Trad Groups


Until the early 20th century, the idea of playing in groups would have been an odd concept as most performance would have been solo. In America, recorded music and the gramophone paved the way for groups of musicians coming together. At one end there was The Flanagan Brothers, a vaudeville act, and at the other, James Morrison recording with a vamping pianist.

Towards the end of the 19th century the development of wide-bore concert pitch pipes was perfected by the Taylor brothers, who, by setting them in the standard key of D allowed fiddlers, flute players and box players to more easily combine with pipers and also have a term of pitch reference for themselves. The era of the group had started.

In Ireland, ceili bands began to appear in the late 1920s and remained popular through to the 50s and 60s. In the north, the McPeake singing and instrumental group had their own blend of vocals, pipes and harp. From a ballad perspective, The Clancy Brothers and Tommy Makem and The Dubliners were becoming increasingly popular at home and abroad, but it wasnít until the early 1960s and Sean O Riadaís work with CeoltÛirÌ Chualann that the traditional group notion really took off. Their live album O Riada sa Gaiety remains a crucial work that marked a new thinking about traditional music group performance. The Chieftains were to emerge from CeoltÛirÌ Chualann and that group continues to tour the world, very successfully, 40 years on. Other significant groups of that period (late 60s/early 70s) included Na FilÌ, Skara Brae and The Sands Family.

A hugely popular and influential group to emerge in the early 1970s was Planxty, comprising Christy Moore, Donal Lunny, Liam OíFlynn and Andy Irvine. They combined guitar, mandolin, bouzouki, uilleann pipes and whistles in a way never heard before. After a number of changes in line-up, they eventually went their own ways, all remaining centre stage through distinguished solo careers and work with other groups. The original four reformed in February 2004 for an open-ended number of concerts. Galway-based De Danann, fronted by the inimitable fiddle-player Frankie Gavin, was also formed in the early 1970s. They had a succession of outstanding female vocalists that included Mary Black, Maura OíConnell and Dolores Keane. Clannad, the Donegal family-based group set their mark with the use of synthesisers and close vocals, most notably with their television theme tune Harryís Game. Horslips, a traditional-influenced Irish rock band of the 1970s, often borrowed from traditional tunes, notably their Dearg Doom which is in essence OíNeillís March.

An immensely powerful traditional group called The Bothy Band appeared in the mid 1970s - traditional music with fiery pipes, flute, keyboard, fiddle, bouzouki and song. Essentially an acoustic line-up, they displayed a power and drive that few electric rock bands could muster, and yet they were firmly rooted in the traditional music idiom. Donal Lunny was a driving force in the band, and in the early 1980s he and Christy Moore were central to the ground-breaking group Moving Hearts - a group that combined drums, bass, electric guitar and synthesisers with saxophone and uilleann pipes to huge popular acclaim. A further development some years later of electrics and traditional, this time crossing countries and cultures too, was the Afro Celt Sound System.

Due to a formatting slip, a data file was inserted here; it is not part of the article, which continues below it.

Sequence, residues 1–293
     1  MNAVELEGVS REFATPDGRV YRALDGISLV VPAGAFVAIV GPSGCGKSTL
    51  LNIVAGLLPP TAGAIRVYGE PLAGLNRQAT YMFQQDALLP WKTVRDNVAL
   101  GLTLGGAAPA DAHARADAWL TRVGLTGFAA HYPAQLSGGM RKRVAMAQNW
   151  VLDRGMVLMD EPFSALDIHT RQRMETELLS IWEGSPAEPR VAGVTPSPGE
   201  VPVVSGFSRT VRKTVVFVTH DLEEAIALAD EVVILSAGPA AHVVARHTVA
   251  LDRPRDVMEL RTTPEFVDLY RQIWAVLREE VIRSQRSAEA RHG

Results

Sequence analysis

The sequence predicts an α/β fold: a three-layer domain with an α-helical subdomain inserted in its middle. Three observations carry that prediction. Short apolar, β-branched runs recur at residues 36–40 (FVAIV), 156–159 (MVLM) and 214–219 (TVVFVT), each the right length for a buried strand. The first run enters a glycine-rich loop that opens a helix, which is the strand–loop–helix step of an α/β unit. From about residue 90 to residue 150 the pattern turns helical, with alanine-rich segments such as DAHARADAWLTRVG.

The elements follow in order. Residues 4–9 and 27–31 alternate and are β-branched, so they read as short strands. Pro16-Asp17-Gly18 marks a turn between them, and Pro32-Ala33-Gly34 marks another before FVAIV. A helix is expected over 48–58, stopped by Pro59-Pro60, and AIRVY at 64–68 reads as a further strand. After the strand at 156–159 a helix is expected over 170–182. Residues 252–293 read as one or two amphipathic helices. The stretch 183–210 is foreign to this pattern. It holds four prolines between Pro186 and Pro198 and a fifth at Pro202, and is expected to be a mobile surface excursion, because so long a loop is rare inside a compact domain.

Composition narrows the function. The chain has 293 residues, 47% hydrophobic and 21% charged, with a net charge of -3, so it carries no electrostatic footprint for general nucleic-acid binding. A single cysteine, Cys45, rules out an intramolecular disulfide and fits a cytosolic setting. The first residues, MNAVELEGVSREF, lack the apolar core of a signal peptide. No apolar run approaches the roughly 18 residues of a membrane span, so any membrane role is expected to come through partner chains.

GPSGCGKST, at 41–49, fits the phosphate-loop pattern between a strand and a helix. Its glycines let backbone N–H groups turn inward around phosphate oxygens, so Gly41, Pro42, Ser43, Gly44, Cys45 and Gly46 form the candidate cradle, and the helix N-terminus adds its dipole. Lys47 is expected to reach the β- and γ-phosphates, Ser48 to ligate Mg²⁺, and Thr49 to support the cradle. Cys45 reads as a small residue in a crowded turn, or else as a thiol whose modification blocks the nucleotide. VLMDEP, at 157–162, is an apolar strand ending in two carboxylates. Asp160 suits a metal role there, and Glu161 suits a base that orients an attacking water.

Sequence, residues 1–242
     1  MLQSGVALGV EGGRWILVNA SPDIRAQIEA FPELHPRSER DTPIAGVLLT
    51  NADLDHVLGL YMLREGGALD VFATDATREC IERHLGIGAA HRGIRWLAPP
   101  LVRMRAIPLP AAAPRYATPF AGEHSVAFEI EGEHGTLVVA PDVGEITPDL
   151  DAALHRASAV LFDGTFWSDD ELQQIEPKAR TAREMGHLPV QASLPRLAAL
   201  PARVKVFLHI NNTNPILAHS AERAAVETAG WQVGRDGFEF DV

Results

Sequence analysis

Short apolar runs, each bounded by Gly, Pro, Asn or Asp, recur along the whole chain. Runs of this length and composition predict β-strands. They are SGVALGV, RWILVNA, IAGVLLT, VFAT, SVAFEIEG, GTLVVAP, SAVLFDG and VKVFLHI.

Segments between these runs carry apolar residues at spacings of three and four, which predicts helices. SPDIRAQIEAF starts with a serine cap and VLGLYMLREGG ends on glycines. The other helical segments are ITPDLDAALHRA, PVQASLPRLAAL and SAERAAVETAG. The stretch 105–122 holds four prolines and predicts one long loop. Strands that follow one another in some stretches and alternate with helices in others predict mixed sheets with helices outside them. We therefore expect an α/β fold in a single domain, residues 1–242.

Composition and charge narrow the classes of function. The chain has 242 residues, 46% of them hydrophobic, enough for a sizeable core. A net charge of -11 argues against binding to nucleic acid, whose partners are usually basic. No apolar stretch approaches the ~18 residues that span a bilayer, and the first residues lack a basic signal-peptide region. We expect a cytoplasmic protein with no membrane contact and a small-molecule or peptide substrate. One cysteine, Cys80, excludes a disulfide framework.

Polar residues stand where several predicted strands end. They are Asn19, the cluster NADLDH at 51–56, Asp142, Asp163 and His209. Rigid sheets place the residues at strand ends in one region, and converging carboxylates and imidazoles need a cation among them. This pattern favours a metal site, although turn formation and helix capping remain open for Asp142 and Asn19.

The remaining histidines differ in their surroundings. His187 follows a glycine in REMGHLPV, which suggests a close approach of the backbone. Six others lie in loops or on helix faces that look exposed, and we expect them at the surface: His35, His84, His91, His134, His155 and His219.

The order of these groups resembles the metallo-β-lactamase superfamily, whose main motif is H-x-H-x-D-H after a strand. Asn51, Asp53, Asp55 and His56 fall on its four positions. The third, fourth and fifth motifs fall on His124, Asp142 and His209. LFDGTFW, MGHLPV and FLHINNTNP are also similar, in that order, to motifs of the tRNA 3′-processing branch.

Another widely acknowledged and popular traditional group is Altan. Their focus is the wealth of song and dance music peculiar to Donegal. Founded by Mairead Ni Mhaonaigh and the late Frankie Kennedy, they too display vigorous energies. Many of the songs in their repertoire are in Irish. Other current notable groups are An˙na, Four Men and a Dog, Dervish and Lunasa.

There also have been a number of orchestral ventures of various sizes - among them Se·n ” Riadaís film scores for Mise …ire and Saoirse were landmarks in the late 1950s/early 60s; among Shaun Daveyís substantial output The Brendan Voyage (1980) and The Pilgrim (1983) have proved very popular; MÌche·l ” S˙illeabh·in has made considerable contributions with Oile·n and Flowansionnamare; Charlie Lennon has composed Island Wedding for solo fiddle and orchestra, and in 2004 Neil Martin composed 'No Tongue Can Tell', for uilleann pipes, whistle and orchestra. From a chamber perspective, The West Ocean String Quartet straddles a world somewhere between classical and traditional.


  • McPeake Family

    Will you Go Lassie Go?

  • The Clancy Brothers & Tommy Makem

    Perform the Holy Ground

  • The Dubliners

    The famous song The Auld Triangle

  • Ceoltoiri Chualann

    Mna na hEireann

  • Na Fili

    College Groves / Earls Chair (reels)

  • Four men and a dog

    Perform The Ashplant Set

  • Dervish

    Perform The Fair-Haired Boy

  • Shaun Davey

    The Gale, from Davey’s The Brendan Voyage. Performed by Liam O’Flynn